For the better part of a year, traffic ticket king Mark Gold has been embroiled in a hotly contested lawsuit against a popular downtown Miami strip club, accusing Goldrush of plying him with so much alcohol that he became drunk and partially unconscious and then charging his credit card $19,000.
Now the owner of the Ticket Clinic has filed an amended complaint against Goldrush and its owner, controversial strip club impresario Jack Galardi, that accuses the club of spiking targeted customers’ drinks with anti-anxiety drugs like Xanax, secretly photographing customers signing credit card receipts to fight potential disputes and defrauding customers of hundreds of thousands of dollars over a two-year period. The complaint also claims the scheme extends to two other Galardi clubs in the Miami area, King of Diamonds and the Pink Pony.
The suit accuses club staffers, under the direction of management, of stealing watches and jewelry from semi-conscious victims and attempting to sell the articles back to them later.
The new complaint filed Friday in Miami-Dade Circuit Court alleges Goldrush engaged in a scheme that began with staff “sizing up” clients and picking well-to-do, married professionals who “would likely care about their public reputation, are from out of town or who appear intoxicated.”
The suit does not name any other plaintiffs besides Gold. However, the club is known to cater to well-heeled professionals and athletes.
Goldrush is owned by Galardi, who owns 68 strip clubs in Las Vegas, Atlanta and other cities nationally. Tampa police raided clubs owned by Galardi after allegedly warning him several times about prostitution in the club, according to published reports.
“I always knew this wasn’t an isolated incident and when the truth came out I would be vindicated,” Gold said. “I’ve gotten many, many calls from other gentlemen who were also victimized and thanked me for having the courage to come forward.”
The 49-page complaint adds numerous counts, including battery and assault, deceptive and unfair trade practices act, fraud, conversion, civil theft, unjust enrichment, infliction of emotional distress and negligence.
Galardi’s attorney, Gerald Tobin of Miami, did not return phone calls or emails for comment by deadline. However, the case has been hotly litigated with Tobin requesting sanctions against Gold and his attorney, Gary Farmer of Farmer, Jaffe, Weissing, Edwards, Fistos & Lehrman in Fort Lauderdale.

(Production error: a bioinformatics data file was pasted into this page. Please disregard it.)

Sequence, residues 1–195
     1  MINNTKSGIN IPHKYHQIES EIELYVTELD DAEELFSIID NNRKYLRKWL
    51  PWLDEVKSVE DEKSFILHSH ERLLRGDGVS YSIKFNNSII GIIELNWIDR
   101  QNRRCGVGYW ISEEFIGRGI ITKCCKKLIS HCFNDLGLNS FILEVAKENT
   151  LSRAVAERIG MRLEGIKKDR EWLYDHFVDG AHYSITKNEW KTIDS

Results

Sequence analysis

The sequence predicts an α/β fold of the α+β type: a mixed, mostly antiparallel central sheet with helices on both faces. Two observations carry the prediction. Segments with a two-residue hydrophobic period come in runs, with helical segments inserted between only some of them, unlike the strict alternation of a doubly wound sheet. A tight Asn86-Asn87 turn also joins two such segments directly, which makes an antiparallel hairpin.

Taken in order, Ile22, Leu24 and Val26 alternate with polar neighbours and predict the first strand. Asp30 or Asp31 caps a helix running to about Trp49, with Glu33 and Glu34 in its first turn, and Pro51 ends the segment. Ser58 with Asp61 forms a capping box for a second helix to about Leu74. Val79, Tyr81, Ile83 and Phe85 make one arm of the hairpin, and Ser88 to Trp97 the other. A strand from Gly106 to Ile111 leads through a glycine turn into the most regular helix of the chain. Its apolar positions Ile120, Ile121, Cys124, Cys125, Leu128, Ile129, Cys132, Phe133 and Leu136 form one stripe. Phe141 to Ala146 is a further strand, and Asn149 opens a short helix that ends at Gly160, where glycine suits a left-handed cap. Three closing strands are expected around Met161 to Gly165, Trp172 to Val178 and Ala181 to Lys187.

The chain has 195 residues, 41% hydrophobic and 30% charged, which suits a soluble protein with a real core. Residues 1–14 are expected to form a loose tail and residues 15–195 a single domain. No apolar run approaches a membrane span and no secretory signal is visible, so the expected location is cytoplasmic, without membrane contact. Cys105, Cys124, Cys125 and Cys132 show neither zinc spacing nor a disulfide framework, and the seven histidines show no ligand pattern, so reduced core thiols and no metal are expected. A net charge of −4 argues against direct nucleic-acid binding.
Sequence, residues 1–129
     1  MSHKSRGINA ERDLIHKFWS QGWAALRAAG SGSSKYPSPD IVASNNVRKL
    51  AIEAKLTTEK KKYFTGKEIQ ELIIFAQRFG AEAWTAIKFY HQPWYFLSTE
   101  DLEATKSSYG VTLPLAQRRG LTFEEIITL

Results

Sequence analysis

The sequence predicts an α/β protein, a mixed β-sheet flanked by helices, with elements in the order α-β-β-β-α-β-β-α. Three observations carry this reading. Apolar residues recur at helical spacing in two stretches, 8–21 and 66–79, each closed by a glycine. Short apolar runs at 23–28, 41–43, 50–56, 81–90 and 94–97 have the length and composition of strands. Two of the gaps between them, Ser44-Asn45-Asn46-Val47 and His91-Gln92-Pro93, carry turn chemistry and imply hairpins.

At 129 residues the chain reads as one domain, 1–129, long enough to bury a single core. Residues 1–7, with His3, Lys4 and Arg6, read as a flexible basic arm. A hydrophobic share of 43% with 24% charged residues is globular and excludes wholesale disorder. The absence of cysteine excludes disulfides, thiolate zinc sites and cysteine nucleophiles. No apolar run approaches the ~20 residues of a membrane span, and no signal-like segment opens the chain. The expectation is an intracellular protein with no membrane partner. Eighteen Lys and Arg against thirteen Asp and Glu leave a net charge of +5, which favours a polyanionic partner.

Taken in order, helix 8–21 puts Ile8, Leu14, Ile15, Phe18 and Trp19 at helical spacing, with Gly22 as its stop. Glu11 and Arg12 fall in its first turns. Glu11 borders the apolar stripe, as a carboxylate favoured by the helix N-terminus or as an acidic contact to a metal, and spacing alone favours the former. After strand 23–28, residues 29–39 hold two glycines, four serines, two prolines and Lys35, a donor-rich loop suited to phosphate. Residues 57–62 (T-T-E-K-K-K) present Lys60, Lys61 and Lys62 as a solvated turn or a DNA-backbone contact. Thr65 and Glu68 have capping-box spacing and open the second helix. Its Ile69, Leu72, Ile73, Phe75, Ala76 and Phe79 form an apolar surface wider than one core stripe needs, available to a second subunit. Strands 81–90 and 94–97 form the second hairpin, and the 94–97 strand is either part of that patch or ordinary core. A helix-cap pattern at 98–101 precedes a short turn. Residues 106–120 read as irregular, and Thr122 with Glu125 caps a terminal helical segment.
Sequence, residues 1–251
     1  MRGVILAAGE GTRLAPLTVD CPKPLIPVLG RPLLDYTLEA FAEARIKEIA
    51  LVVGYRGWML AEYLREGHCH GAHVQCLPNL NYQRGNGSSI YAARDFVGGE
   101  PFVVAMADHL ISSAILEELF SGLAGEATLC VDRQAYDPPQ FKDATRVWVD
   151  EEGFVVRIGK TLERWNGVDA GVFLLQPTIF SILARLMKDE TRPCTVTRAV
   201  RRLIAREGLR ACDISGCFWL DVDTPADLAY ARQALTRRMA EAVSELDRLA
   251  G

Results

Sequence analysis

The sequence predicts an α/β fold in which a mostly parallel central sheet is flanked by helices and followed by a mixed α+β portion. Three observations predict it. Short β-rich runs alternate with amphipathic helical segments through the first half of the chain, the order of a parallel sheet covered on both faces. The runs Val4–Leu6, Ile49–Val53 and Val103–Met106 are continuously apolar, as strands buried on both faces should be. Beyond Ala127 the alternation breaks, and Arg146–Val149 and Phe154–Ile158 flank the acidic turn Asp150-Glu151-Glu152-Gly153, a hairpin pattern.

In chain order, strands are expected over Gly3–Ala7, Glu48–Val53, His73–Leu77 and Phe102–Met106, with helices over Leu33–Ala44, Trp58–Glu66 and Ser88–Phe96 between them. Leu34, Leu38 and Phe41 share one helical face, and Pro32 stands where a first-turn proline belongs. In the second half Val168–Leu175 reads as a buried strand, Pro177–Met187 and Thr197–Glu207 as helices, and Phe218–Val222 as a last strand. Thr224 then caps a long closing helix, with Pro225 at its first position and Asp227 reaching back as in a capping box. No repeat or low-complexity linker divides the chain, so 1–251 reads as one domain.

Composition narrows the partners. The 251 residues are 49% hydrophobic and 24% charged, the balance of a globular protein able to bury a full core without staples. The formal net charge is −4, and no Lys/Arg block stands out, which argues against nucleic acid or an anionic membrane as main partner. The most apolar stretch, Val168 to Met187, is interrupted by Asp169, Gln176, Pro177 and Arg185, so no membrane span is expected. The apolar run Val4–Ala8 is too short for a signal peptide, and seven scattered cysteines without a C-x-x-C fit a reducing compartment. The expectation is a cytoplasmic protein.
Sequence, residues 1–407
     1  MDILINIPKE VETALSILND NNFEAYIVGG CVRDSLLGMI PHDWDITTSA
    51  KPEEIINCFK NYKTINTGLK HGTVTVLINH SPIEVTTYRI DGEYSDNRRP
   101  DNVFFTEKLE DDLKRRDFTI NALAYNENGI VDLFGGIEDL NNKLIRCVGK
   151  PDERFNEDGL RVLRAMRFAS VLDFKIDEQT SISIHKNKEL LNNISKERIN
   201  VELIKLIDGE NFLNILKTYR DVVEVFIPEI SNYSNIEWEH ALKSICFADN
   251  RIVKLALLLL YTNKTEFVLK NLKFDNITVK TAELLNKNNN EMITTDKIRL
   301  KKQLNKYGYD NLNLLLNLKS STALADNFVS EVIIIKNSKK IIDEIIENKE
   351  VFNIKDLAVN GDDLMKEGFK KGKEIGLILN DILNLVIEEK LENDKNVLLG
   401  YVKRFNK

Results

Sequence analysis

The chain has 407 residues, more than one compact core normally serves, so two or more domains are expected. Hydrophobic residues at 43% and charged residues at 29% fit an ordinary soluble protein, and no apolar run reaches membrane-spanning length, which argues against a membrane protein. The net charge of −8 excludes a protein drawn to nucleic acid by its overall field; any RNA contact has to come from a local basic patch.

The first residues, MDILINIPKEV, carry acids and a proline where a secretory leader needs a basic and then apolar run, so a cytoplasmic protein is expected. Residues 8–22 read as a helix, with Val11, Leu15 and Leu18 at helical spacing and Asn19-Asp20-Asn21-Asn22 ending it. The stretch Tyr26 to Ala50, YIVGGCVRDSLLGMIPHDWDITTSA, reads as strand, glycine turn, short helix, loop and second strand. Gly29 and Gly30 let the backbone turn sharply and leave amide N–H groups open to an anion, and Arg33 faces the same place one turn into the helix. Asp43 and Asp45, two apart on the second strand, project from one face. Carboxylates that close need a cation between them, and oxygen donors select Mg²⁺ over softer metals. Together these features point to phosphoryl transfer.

The amended complaint was filed after Farmer’s discovery turned up two years worth of credit card receipts from the Goldrush. Although the complaint contains the allegation, it does not cite any specific evidence of drinks being laced with drugs.
According to the complaint, once a client was targeted, one or two strippers would take a drink order and use a hidden camera to photograph the patron as he signed the credit card receipt. The customer would sometimes provide a thumbprint while signing.
At that point, the suit said the stripper would invite the customer to the VIP room for a lap dance while a staffer would bring him his drink containing crushed pills, either Xanax or another benzodiazepine.
After clients were drugged, the complaint claims, staff would charge their credit cards the largest amount possible without the credit card issuers having to speak to the customer to authorize the charge.
Strippers were instructed to keep clients in the VIP room as long as possible and were paid $1,000 per hour for every hour they kept them there, according to the complaint.
“Oftentimes the target customer is unconscious or semi-conscious because of the drug, and if friends of the ‘target’ request to speak with their victim friend or retrieve him from the VIP room, the bouncers or other Goldrush staff simply tell them that they are forbidden from contacting their friend,” the complaint alleges.
Staffers forged customers’ signatures on credit card receipts or coerced them to sign in a semi-conscious state, the complaint claims. Strippers or staff who balked at the scheme were threatened with firing or fired, the complaint alleges.
A customer would typically discover high charges several days later. Few would fight the charges to avoid the embarrassment of being associated with a strip club, states the suit.
To defend against any billing dispute, the club would prepare a package including photographs showing customers signing invoices and fingerprints. As a result, credit card companies would almost always reject billing challenges, states the complaint.
Gold’s original suit was prompted by a visit to the club Nov. 27, 2010. He said his Citicard was charged five times in the amounts of $400, $4,959, $4,950, $2,962 and $5,650. Gold insists he was semi-conscious and believes the credit card signatures were forged, according to the complaint.
He disputed the charges, and Goldrush sent photographs to his credit company of “plaintiff allegedly signing something” along with sales drafts that appear to be forged, he claims.